PHILADELPHIA, PA. – His journey to the NHL may have had more than a few stops and the odd bump in the road, but Judique’s Andrew MacDonald wouldn’t have it any other way.
“I always joke with friends that I think I hit all of the leagues along the way,” said MacDonald after his Philadelphia Flyers practised at home last week. “Junior A to Major Junior to East Coast to the American League to the NHL. I’ve learned things from each stop along the way and that’s part of growing up as a player and as a person.”
It was a decision 13 years ago that helped send MacDonald on his path to the NHL.
Following his second season as a smooth-skating defenceman with the Truro Bearcats of the Maritime Hockey League, MacDonald was recruited by Dartmouth’s Danny Flynn, then an assistant coach for the Moncton Wildcats.
MacDonald decided to forgo a scholarship to Bemidji State University in Minnesota and join the QMJHL’s Wildcats.
MacDonald and the Wildcats went on to win the QMJHL title. Flynn and head coach Ted Nolan moved to the New York Islanders that off-season and the organization drafted MacDonald in the sixth round.
“Danny gave me a really good opportunity in Moncton,” said MacDonald. “I was kind of the no-name kid from Junior A. He took a chance on me and gave me time to find my game at that level. I had a lot of confidence knowing that he trusted me out there and that really helped my development. I can’t say enough about the experience overall.”
After some seasoning in the American Hockey League followed by five seasons with the Islanders, MacDonald was traded to Philadelphia in March of 2014 and shortly thereafter signed a six-year, $30-million contract.
But in October 2015, with Flyers GM Ron Hextall looking for some roster flexibility, MacDonald was the last cut out of training camp and placed on waivers. With such a large salary, no team claimed him and it was back to the AHL with the Lehigh Valley Phantoms.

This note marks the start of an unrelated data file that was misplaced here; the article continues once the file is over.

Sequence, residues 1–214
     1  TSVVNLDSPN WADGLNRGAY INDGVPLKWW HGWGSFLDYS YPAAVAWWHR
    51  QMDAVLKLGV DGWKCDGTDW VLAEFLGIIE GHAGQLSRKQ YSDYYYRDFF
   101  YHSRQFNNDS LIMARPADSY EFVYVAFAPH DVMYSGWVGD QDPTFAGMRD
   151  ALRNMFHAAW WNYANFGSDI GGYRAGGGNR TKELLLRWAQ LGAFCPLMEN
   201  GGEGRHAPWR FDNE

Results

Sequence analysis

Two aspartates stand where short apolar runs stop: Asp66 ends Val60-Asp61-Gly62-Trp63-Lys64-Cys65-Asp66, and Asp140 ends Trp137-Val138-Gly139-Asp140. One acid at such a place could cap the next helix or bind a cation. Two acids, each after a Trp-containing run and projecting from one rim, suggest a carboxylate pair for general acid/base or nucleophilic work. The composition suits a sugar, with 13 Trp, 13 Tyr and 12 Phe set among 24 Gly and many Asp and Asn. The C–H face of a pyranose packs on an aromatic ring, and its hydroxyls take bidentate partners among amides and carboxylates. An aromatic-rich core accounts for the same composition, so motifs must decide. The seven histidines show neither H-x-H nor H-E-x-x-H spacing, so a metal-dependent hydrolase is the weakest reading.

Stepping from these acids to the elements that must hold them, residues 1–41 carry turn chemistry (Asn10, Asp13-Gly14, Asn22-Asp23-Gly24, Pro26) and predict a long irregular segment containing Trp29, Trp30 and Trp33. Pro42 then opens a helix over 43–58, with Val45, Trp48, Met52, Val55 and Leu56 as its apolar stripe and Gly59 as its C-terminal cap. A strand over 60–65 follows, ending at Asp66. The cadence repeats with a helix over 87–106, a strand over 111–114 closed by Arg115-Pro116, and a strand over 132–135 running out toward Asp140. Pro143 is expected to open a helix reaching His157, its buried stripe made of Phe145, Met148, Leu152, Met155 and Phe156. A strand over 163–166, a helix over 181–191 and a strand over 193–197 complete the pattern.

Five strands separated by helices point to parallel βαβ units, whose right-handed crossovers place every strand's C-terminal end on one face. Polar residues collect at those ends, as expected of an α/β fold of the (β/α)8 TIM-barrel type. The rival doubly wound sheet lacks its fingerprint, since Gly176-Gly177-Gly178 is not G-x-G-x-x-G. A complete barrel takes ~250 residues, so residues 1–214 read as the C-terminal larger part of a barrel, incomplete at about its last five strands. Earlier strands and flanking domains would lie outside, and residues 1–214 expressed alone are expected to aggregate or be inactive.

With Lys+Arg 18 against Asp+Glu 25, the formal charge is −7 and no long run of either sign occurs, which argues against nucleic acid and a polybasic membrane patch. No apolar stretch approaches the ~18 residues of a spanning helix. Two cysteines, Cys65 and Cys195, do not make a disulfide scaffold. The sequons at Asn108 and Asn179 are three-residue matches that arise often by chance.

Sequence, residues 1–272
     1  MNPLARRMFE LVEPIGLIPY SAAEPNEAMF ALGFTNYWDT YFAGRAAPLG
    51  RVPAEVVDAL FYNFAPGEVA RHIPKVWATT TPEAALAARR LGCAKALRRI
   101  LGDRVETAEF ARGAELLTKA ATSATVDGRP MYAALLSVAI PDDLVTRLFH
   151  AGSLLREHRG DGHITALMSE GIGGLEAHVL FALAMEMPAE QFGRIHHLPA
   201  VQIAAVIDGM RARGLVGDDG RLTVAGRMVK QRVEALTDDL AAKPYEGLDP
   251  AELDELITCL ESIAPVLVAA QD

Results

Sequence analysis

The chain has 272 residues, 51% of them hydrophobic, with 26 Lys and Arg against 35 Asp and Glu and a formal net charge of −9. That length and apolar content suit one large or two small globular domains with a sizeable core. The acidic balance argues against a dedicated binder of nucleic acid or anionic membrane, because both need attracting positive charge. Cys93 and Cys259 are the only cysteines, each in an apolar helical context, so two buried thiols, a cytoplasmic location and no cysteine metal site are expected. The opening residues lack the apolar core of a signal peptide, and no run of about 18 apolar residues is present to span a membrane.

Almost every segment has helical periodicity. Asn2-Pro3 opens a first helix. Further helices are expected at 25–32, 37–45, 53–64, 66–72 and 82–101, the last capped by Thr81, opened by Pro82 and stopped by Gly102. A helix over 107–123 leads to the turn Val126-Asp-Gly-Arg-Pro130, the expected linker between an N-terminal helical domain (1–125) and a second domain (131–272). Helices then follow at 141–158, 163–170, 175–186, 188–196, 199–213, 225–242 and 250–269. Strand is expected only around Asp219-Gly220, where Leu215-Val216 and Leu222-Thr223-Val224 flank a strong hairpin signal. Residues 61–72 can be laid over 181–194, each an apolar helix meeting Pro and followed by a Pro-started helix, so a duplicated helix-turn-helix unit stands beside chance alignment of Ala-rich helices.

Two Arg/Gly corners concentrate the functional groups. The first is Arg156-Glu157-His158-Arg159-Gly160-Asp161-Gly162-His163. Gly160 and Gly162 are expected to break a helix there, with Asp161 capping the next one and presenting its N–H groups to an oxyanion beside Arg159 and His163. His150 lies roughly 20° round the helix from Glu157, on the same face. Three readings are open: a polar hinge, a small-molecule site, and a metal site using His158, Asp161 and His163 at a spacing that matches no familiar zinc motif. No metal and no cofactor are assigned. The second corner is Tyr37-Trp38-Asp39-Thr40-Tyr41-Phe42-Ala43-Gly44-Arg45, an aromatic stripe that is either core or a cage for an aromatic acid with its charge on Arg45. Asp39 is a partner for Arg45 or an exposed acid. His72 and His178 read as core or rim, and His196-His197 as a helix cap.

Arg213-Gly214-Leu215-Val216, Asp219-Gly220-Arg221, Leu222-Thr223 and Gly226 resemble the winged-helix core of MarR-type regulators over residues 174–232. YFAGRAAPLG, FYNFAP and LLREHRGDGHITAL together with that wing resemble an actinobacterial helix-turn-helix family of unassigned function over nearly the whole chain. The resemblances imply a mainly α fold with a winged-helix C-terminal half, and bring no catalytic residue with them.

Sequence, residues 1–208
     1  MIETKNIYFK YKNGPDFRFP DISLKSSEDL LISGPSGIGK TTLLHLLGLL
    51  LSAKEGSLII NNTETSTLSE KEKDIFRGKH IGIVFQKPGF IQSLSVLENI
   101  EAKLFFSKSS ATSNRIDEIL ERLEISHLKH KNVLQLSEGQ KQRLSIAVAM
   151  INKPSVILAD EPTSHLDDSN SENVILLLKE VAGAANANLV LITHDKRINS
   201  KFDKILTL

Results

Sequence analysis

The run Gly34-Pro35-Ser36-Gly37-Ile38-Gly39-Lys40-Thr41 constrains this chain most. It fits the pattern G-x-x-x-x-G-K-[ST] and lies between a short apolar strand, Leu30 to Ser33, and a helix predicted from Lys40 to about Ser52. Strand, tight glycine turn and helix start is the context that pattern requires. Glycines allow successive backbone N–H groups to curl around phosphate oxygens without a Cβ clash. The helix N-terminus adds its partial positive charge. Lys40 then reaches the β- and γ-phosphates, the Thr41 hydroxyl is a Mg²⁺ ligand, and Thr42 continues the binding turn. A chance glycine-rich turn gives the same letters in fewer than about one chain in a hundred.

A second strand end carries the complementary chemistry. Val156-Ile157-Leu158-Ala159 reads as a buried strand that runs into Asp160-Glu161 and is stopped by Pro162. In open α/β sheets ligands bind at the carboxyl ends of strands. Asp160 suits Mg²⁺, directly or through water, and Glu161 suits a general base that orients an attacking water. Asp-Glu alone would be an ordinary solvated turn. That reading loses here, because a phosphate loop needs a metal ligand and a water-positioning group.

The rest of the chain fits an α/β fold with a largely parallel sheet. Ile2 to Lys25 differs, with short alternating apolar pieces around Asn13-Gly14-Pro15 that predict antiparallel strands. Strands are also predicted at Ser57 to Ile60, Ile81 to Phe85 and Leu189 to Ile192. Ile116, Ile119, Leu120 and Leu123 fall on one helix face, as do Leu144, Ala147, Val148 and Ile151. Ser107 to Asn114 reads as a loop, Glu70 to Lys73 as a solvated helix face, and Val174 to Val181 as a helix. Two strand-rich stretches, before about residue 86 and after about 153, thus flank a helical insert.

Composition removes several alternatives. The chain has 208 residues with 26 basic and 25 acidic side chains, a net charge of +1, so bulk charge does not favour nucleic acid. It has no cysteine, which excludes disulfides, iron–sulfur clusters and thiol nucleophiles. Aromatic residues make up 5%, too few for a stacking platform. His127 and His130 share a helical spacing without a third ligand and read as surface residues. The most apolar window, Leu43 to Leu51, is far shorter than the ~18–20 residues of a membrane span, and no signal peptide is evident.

“It was a pretty trying time,” said MacDonald. “I learned a lot about myself. I tried to hold the mindset the whole time that I was good enough to get back to the NHL and contribute and help a team win. It was tough but I think it made me mentally stronger to realize I could get through something like that. I had a great support system with my wife. We’d just had our little boy and he was a good distraction, if you will, to keep my mind off things. I had a lot of support from family and friends and I’ve been lucky to have those types of people in my life.”
After 43 games with Lehigh Valley, MacDonald was recalled by the Flyers and has been there ever since.
At 31, he’s the elder statesman among their defencemen.
MacDonald was reminded of that during our interview when his locker room neighbour, Shane Ghostisbehere, said, “He’s so old.”
He’s a reliable shot blocker and stay-at-home presence on a team with a good mix of young and veteran players.
Dan is in his fourth season as the play-by-play voice of the Montreal Canadiens on TSN 690 radio. He grew up in Trenton.